Another Country

Another Country

Navigating the Emotional Terrain of Our Elders

Book - 1999
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Mary Pipher's Reviving Ophelia, the phenomenal bestseller about the experiences of adolescent girls today, changed forever how we understand their world, and ours. Now, Mary Pipher turns to an equally troubled passage -- the journey into old age. This is a book about our parents and grandparents, because they don't grow old in a vacuum. The process can be just as painful for us -- daughters and sons, granddaughters and grandsons -- as for them. The gradual turning of life's tide can take us by surprise, as we find ourselves unprepared to begin caring for those who have always cared for us.

Writing from her experience as a therapist and from interviews with families and older people, Pipher offers us scenarios that bridge the generation gap. And in these poignant and hopeful stories of real children, adults, and elders we find the secrets to empathy. With her inimitable combination of respect and realism, Pipher gets inside the minds, hearts, and bodies of elder men and women. And we begin tounderstand fully that the landscape of age is truly that of another country.

Today's world is vastly different from the one our parents grew up in. It's not the world in which helping aging parents meant stopping in at their house every day; in which children could learn about the richness of life from their grandparents; and in which grandparents and children were sustained and nourished by the unique bond between those on the opposite ends of a lifetime. We need new ways of supporting one another -- new ways of sharing our time, our energy, and our love. In Another Country, Mary Pipher will show us how.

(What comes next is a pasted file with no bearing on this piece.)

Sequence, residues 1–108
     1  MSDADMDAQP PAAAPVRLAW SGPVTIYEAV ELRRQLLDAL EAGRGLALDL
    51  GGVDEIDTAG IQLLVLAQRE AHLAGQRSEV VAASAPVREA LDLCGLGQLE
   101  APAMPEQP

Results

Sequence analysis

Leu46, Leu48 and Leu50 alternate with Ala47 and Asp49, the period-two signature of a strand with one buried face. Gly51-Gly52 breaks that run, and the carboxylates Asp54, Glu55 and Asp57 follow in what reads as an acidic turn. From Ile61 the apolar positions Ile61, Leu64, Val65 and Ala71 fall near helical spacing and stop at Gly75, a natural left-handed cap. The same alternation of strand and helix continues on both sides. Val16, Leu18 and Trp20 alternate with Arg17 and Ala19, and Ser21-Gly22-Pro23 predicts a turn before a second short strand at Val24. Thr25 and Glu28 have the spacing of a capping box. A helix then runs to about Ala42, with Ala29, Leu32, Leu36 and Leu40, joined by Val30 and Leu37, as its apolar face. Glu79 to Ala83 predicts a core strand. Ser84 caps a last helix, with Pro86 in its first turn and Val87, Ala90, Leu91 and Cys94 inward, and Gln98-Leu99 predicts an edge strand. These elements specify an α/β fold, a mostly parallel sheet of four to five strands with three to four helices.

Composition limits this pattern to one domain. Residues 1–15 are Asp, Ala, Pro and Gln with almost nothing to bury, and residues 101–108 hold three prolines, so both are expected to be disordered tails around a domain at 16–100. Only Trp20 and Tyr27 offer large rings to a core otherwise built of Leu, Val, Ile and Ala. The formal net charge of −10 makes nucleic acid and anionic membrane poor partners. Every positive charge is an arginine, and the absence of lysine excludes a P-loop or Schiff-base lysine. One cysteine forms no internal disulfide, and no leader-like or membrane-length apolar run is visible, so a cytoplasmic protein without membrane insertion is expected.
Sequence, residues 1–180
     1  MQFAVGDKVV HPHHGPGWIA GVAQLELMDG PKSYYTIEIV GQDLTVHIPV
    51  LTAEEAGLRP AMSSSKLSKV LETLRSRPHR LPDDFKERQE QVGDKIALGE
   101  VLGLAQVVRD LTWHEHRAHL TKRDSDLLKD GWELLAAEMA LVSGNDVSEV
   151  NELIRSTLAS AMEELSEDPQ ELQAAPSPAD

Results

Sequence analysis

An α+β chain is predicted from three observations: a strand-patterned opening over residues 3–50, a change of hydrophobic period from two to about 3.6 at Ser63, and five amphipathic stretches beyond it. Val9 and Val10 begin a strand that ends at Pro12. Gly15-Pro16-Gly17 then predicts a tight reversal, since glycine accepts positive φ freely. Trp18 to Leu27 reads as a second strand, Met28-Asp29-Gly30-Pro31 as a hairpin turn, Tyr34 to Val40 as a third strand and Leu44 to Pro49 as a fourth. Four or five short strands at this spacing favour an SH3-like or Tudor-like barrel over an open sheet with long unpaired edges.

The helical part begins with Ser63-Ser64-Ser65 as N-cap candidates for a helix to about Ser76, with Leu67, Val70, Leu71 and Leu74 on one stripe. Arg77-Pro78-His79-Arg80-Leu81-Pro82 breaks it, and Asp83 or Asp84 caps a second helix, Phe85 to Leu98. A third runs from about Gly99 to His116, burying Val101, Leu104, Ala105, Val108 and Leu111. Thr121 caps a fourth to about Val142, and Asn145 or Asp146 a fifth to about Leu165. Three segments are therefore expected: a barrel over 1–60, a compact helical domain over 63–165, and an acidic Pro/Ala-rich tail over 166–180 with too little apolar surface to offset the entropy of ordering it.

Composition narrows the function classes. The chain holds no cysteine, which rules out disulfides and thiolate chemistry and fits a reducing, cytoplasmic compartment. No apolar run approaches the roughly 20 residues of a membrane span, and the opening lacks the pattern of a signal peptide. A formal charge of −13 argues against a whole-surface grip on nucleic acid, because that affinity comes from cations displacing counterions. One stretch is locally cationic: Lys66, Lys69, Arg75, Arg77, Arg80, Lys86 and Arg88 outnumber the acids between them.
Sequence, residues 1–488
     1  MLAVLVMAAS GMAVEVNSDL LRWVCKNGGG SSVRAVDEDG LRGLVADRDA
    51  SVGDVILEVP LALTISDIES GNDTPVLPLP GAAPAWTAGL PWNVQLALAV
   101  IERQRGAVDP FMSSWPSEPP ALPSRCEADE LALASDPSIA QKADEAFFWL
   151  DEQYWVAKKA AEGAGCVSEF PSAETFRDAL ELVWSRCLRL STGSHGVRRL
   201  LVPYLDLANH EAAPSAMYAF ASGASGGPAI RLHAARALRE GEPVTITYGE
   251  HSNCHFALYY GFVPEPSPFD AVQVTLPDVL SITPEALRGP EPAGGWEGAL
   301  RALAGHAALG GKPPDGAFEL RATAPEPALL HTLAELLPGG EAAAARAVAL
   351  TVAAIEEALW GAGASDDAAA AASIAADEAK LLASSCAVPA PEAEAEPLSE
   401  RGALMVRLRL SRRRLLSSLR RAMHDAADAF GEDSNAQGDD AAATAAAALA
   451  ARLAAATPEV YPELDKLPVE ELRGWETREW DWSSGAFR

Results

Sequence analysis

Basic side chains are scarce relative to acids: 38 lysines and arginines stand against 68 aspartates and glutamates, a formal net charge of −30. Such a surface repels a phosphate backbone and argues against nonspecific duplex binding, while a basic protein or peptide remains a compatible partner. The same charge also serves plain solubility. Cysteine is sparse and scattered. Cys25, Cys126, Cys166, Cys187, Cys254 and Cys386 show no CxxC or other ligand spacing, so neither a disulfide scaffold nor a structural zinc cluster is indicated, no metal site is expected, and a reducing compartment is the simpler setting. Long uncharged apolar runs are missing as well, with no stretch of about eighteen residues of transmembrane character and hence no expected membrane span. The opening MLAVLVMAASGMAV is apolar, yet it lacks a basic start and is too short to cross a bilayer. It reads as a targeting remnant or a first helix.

Publisher: New York : Riverhead Books, 1999.
ISBN: 9781573221290
Branch Call Number: 306.874/PIPH
Characteristics: 328p. 24cm.


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Feb 10, 2015

This book has a lot of stories; some of them seem to make a good point, some of them make you wonder what the point of the story was and where is the author trying to go.
The book was written in the late 90s, and I felt that that limits it's usefulness. I'm younger than the intended audience was back when it was first written, and the intended audience are now old enough to count as "old". That said, some of it is still useful as some of the seniors who were the original subjects of the book are sometimes still alive.

Mar 10, 2011

A friend recommended this book to me when my 80+ year-old father's health was in decline and I was torn between living my own life and wanting to drop everything and care for him.

Mary Pipher, a distinguished counseling psychologist, treats the subject of aging parents so tenderly and insightfully that I drew tremendous comfort from reading the book. She helped me understand the minddset of a different generation and cope more constructively with challenges my father and brothers and I faced in meeting his needs. Highly recommended.


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